Are caffeinated drinks really that dangerous to our health? A 32-year-old mom was recently fitted with a pacemaker after drinking excessive amounts of energy drinks.
Learn how energy drink addiction, "worse than heroin," can create health issues at any age.
Keeping up with modern life
A New York post describes a British mom, Samantha Sharpe, and her quest to keeping up with her three kids. She had a busy life ahead of her and needed the energy to fulfill every role as a caring mother.
So, she turned to energy drinks.
Surprisingly, she was drinking up to six cans of energy drinks daily until one day when health issues began to plague her.
After visiting her doctor, she was informed that she had to be fitted with a pacemaker because her heart rhythms were dangerously off.
What are the risks associated with Energy Drinks?
The primary ingredient in energy drinks is caffeine. So, when you drink more than a can a day, you're adding more caffeine content to your diet.
And drinking many cans of these caffeinated drinks every day will force your heart to beat at irregular rhythms. Over time, your heart will slowly begin to lose its natural rhythm.
When this happens, cardiovascular problems will set in with subtle ease. But you might not realize the issue until a severe problem, such as a heart attack, arises.
NIH has warned that energy drinks "can be dangerous because large amounts of caffeine may cause serious heart rhythm, blood flow and blood pressure problems."
These drinks can also disrupt sleep patterns, contribute to digestive problems, cause heart palpitations and anxiety, lead to dehydration and increase blood pressure, according to the NIH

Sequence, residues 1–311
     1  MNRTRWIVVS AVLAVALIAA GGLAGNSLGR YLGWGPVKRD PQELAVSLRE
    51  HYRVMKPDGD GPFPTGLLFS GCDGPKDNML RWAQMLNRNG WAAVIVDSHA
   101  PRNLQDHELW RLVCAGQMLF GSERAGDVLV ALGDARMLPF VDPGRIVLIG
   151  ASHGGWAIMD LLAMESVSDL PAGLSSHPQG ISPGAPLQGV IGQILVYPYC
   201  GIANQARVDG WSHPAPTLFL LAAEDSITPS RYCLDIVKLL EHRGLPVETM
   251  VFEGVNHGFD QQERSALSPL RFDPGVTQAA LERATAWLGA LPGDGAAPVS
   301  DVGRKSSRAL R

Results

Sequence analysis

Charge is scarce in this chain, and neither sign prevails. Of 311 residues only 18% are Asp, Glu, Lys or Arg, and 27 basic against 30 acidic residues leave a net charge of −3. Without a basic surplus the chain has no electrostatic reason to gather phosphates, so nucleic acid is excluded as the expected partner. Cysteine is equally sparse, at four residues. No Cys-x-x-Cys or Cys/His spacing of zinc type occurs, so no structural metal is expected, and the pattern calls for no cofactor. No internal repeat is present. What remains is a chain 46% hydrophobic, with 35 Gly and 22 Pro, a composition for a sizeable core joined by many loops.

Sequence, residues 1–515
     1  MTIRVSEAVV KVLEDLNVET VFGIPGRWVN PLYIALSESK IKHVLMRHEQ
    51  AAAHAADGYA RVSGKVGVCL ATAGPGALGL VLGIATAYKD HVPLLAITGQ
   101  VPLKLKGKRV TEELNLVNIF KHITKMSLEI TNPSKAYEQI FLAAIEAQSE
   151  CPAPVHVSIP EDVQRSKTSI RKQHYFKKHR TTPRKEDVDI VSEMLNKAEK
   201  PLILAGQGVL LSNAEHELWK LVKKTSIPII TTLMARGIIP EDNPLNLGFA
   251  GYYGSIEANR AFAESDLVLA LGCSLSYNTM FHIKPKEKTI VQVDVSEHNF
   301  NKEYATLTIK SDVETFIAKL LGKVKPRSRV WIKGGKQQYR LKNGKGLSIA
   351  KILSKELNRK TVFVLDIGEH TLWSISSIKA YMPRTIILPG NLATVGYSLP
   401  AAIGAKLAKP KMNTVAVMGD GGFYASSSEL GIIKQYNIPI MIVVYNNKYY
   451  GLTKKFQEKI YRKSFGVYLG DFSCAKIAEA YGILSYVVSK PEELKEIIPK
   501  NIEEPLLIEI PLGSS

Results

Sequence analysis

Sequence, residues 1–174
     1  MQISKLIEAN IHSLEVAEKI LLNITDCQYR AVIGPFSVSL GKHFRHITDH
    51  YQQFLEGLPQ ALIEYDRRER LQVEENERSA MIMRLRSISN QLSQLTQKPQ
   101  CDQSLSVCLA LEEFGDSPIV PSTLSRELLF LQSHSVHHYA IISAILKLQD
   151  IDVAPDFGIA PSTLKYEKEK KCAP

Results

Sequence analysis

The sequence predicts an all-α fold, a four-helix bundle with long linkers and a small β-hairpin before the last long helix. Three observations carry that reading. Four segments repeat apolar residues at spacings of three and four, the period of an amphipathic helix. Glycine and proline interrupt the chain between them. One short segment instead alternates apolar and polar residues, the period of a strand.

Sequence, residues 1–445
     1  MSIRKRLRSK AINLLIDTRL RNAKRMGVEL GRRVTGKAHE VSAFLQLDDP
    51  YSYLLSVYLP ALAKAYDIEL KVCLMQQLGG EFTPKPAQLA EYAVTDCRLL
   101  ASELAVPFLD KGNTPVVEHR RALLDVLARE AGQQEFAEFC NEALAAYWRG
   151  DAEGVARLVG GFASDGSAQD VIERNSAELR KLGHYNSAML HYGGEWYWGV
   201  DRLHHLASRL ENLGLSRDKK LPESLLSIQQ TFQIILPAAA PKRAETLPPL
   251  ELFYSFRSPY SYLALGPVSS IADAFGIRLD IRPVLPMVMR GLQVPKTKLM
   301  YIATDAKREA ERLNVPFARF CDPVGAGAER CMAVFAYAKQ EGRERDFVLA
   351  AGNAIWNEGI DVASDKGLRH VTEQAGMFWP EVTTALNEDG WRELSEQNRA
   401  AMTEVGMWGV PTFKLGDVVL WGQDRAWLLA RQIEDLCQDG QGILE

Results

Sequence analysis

Link Between Energy Drinks and Pre-Existing Conditions
When consumed in large quantities, energy drinks can undoubtedly harm your health. According to the US National Library of Medicine reports, serious issues can arise more rapidly if there's a personal history of heart diseases or arrhythmia in your family.
Researchers at the American Heart Association have warned that energy drinks can be "life-threatening". Especially for people with already high blood pressure or cardiac issues.
However, researchers insist that you don't necessarily need to have existing heart problems for energy drinks to impact your health negatively. If you use illicit drugs, combining them with high amounts of caffeinated beverages can trigger heart issues.
What are the alternatives?
If you want to stay energized without using energy drinks, Villanova University recommends eating a balanced breakfast and soy foods. They also recommend drinking water and green tea.